It’s increasingly common for many of us to have more than one e-mail address on the go. By the time work, home, webmail and mobile addresses have been taken into account, the theory runs that you’re dashing between different accounts just to keep up with everything that’s going on. So the thinking behind The Bat! is to consolidate all of these accounts on just one screen.
It’s not fresh thinking, to be fair, although The Bat! does have heritage. It’s up to version 4.1.1 now and has been going for well over a decade. Yet with the likes of Windows Live Mail and freeware tools such as Pop Peeper doing this kind of thing effortlessly now (about time, in the case of the former), where does The Bat! fit in?
Its creator, RTL Labs, has endowed the product with an abundance of features to answer just that question. Thus it supports multiple accounts as well as features such as message templates, support for MIME, Uuencode, PGP and APOP, spell checking and encryption. It feels a little underwhelming at first, though, and you can’t help but feel that it lacks a bit of spit and polish. And yet it has one or two real advantages.
The first is that the interface is actually very clean. The main screen is well organised and, while it’s easy enough to further customise it, we were impressed with what we found from the off. Emails, as you’d expect, support formatting functions well, and if you must add smileys to everything, they’re present and correct, too.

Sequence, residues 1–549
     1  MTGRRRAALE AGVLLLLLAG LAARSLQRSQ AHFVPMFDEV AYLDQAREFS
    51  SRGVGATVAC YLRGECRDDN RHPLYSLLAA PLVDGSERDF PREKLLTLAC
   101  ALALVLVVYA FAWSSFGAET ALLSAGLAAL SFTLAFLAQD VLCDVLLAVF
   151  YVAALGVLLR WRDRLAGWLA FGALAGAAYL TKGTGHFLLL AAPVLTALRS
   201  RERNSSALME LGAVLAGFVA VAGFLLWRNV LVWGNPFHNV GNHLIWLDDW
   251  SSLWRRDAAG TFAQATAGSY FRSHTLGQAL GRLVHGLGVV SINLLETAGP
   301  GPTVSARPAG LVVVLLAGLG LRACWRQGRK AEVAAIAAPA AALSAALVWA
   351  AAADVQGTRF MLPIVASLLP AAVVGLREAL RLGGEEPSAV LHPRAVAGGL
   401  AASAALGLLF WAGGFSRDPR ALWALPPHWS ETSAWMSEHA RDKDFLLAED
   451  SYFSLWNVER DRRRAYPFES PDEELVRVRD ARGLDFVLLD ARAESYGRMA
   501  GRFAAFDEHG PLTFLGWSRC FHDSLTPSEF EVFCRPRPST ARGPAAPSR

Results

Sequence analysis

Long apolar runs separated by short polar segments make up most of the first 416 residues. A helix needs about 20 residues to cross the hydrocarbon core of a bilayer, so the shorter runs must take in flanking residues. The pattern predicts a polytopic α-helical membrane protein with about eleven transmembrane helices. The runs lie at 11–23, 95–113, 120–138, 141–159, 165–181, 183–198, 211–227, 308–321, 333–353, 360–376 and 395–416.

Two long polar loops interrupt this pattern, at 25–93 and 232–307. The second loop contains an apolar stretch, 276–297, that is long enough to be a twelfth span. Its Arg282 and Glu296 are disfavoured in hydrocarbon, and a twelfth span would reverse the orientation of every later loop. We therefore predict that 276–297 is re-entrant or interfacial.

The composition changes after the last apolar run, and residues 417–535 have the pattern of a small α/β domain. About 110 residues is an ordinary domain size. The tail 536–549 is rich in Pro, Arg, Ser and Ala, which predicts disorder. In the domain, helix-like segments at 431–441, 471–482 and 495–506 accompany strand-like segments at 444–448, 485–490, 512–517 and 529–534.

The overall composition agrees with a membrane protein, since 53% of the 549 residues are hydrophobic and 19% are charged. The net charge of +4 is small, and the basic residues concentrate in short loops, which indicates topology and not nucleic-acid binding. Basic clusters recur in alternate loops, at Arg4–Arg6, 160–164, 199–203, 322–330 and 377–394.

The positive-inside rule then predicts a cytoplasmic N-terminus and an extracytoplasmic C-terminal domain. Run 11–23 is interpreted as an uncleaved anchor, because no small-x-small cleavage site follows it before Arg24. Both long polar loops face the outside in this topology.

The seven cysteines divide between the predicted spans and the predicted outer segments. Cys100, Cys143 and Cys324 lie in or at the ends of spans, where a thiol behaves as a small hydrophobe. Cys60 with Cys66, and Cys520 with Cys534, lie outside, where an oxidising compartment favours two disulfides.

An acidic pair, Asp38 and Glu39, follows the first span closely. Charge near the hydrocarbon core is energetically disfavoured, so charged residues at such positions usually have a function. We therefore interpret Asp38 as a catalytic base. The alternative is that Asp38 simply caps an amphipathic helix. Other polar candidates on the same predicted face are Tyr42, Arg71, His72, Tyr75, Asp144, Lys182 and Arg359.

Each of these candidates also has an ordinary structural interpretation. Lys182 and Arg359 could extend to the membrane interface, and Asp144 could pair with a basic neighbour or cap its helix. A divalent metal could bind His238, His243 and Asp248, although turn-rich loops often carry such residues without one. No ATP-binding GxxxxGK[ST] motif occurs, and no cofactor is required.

Where we found that The Bat! really hit its stride, though, was when managing more than two or three accounts. A small number of e-mail accounts is perfect fodder for something like the aforementioned Windows Live Mail, yet go much above that and The Bat! is simply a better bet. Each account has its own folder and it’s simple to manage it from within there. You could feasibly managed a dozen or more accounts, and the program makes this as easy to do as you could probably hope for.
On the downside, actually setting up our accounts was a little fiddly. The settings for Gmail were automatically picked up, but we had a bit of a job to get Hotmail to be recognised. It’s do-able, but just takes a little work. Furthermore, the program did crash once or twice on our Vista installation, although we’ve not heard of compatibility issues elsewhere, so we suspect that’s tied to our machine, though still worth mentioning.
The Bat! is available in both Home and Professional editions, and either way it’s at the least worth a try. It might not instantly hand-hold you in a way that you’d get from a glossier tool, but it’s not a resource hog and is an efficient and tidy way to manage your e-mail accounts, just with a slightly raw edge or two.